Re: Re: Re: Re: Re:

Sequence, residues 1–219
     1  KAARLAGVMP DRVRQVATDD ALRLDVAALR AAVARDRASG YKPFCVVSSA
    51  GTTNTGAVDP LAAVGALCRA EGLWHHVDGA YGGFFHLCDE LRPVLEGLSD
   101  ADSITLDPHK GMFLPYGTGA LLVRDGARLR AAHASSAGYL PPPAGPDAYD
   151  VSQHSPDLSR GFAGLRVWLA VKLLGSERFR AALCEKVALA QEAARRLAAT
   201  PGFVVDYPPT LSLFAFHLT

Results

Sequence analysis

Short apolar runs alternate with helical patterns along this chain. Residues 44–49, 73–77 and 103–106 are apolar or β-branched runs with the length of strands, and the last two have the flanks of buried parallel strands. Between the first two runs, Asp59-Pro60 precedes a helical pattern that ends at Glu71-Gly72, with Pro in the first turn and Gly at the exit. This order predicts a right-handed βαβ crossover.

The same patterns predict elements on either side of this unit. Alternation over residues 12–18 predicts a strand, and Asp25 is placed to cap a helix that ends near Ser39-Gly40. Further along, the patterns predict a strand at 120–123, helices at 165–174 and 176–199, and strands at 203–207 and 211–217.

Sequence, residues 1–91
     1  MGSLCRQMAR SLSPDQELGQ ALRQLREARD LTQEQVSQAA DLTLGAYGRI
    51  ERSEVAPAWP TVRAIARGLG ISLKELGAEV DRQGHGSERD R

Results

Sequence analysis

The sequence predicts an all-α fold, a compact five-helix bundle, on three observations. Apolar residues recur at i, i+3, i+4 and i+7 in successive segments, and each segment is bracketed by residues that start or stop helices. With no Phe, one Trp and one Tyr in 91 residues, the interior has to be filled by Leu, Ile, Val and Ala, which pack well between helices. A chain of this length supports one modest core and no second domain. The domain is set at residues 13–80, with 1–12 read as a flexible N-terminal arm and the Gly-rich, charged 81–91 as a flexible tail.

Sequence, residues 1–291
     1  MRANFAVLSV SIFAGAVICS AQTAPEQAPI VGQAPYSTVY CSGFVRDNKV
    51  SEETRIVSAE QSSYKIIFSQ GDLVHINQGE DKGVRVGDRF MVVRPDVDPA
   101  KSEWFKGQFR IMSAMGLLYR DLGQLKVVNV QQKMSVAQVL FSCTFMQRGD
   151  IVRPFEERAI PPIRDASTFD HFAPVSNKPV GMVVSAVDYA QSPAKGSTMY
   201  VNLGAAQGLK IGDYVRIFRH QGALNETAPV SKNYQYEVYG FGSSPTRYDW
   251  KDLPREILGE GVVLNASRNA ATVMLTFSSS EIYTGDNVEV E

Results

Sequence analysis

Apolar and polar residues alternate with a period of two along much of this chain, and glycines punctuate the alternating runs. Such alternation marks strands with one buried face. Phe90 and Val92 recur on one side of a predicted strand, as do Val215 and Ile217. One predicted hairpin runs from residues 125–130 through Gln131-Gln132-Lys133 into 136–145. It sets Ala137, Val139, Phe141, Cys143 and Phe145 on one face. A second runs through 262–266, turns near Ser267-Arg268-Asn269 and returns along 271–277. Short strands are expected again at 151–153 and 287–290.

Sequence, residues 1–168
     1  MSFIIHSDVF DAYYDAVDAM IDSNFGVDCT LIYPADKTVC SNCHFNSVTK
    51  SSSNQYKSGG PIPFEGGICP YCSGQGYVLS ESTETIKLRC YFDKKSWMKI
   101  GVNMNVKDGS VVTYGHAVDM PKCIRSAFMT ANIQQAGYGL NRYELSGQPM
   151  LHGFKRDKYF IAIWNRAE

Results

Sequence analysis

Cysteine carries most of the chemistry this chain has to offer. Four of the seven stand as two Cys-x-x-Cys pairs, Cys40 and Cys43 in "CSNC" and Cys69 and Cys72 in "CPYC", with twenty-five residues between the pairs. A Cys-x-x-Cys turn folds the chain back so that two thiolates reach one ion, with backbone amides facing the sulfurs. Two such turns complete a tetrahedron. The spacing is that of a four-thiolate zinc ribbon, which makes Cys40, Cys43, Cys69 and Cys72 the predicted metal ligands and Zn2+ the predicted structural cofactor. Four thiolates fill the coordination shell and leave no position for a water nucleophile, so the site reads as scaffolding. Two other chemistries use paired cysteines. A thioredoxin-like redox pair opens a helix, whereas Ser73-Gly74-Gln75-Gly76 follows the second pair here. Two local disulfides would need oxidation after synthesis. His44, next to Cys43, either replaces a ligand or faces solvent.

*To*: mathgroup at smc.vnet.net*Subject*: [mg103917] Re: [mg103883] Re: [mg103861] Re: [mg103827] Re: [mg103806] Re:*From*: Leonid Shifrin <lshifr at gmail.com>*Date*: Mon, 12 Oct 2009 06:38:38 -0400 (EDT)*References*: <ha4r9k$d0h$1@smc.vnet.net> <200910071101.HAA00387@smc.vnet.net>